W-MCP6-1.474 TO THOMAS B. MCQUESTEN from his friend Dr. Norman V. Leslie
Sep 20 1918
My dear Tom,
Jean told me that you had cabled and also written me. Your cable or letter I have not received. I told you in a cable I sent you not to cable but to write me as I don't think a cable of that nature too good for privacy.
I have found out what I could about leave home to Canada. This is apparently difficult and is granted only on the most [extreme] grounds of financial and compassionate [?][?]
These grounds are said to be made extraordinarily severe. Also these applications must be made to the [?], and that is Canada. The claims will there be investigated thoroughly. So will you find out my chances of getting leave this winter, on the grounds you can [put?] up, Mother and financial? These claims would have to be substantiated. Then let me know, and if you think it can be done, forward me a letter written on plain paper and worded properly about my affairs only. This letter will be to show here and I can also forward it with my application. The pursuant letter to me should come separately. Now this all boils down to this, I want three months leave this winter. Chances are said here to be very poor. If you can see our friend, you can find out if I can get it or not, and exactly the proper procedure to take. He is aware of our family affairs. I am anxious that this thing should be done properly, and I want a letter to show to Col. Rennie and if necessary to forward with my application. He has been very decent to me, and I want to come back to France at least as far as I know, I will want to. At the same time I have kept quiet about this though I did tell the Colonel I wanted leave this winter.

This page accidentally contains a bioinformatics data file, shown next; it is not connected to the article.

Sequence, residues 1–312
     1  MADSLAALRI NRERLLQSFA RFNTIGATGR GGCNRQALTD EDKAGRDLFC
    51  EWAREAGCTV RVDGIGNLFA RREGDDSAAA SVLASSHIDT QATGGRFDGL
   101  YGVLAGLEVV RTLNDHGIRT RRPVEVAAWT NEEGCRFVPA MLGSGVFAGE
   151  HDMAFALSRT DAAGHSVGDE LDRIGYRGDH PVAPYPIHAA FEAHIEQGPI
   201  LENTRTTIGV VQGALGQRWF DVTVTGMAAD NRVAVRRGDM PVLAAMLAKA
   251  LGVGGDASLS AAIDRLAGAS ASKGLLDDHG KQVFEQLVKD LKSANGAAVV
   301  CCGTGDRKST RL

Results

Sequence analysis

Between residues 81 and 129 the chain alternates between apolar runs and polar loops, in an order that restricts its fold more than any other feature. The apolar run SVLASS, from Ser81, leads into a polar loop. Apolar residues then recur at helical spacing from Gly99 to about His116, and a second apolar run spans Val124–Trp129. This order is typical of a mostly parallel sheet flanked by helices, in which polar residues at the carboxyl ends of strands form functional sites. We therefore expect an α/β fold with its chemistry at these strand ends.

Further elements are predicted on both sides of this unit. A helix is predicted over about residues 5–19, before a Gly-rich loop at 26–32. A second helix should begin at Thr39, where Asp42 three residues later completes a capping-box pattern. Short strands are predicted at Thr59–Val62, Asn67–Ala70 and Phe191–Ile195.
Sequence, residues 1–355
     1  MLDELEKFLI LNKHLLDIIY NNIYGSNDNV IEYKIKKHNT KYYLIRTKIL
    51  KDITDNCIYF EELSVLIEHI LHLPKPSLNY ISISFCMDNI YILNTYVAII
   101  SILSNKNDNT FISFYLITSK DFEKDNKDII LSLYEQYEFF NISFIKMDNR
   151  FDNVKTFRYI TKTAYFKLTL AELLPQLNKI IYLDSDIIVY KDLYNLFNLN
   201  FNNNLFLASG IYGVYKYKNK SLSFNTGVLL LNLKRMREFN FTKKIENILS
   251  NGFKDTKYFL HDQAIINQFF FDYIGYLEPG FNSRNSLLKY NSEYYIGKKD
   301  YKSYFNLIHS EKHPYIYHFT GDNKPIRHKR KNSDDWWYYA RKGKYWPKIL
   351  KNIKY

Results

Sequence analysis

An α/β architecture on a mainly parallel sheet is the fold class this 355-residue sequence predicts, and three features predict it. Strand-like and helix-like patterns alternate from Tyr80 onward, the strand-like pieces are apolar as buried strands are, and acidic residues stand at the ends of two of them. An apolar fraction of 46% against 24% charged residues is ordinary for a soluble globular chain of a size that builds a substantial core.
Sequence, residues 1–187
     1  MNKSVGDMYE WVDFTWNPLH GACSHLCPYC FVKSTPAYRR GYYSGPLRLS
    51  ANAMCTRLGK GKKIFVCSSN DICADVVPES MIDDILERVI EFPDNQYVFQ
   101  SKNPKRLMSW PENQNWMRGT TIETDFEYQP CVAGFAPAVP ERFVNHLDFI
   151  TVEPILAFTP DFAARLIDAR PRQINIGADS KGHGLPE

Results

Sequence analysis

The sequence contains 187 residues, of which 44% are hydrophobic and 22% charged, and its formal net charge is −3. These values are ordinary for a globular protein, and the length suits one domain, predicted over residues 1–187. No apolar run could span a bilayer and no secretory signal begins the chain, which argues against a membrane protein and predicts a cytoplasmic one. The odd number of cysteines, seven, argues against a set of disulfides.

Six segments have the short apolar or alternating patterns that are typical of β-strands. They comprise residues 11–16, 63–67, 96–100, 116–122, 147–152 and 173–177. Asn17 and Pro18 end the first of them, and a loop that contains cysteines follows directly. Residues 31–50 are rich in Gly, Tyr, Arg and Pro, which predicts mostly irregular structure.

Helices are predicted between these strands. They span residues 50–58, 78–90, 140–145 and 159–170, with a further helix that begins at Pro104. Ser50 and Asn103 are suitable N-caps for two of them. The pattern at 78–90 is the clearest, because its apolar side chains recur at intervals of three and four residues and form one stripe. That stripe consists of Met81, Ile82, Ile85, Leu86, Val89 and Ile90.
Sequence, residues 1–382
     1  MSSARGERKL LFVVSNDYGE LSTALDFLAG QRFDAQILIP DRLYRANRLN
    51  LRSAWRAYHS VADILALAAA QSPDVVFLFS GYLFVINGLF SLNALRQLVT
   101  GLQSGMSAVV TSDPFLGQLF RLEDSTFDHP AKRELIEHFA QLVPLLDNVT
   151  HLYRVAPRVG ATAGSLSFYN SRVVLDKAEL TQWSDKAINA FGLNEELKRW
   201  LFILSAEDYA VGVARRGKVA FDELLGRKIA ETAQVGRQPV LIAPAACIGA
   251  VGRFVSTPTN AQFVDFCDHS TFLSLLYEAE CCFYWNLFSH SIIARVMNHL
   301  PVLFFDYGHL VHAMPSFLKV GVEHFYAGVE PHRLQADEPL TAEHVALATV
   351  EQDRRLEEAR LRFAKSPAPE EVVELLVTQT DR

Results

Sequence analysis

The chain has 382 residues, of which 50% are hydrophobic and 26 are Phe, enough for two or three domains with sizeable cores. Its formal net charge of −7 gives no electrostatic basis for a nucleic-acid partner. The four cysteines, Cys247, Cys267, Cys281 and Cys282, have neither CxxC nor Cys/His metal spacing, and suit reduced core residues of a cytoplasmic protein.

I have been an acting Lieut. Colonel. I might have to revert back to Major as my rank goes with my present job [?] Medicine. This however suits me [?] [?] for in the first place I did not want this rank, and kicked against it, and the rank of Major would suit my future plans far better. That is one thing I do not want touched or [spooked?] This all is some bother to you for which I am sorry, but still old lad, I know you won't mind, and you could find out my chances.1
Awaiting your letters. I am your loving [?]
Norman V. Leslie
1 Following is a list of some of the letters (in our archive) from Dr. Norman Leslie to his friend Thomas Baker McQuesten about his war service in WWI from 1914 to 1918. The letters begin on the ship going over to England and continue through his service there and as surgeon in France in the trenches, which he describes graphically. For the full chronological list see: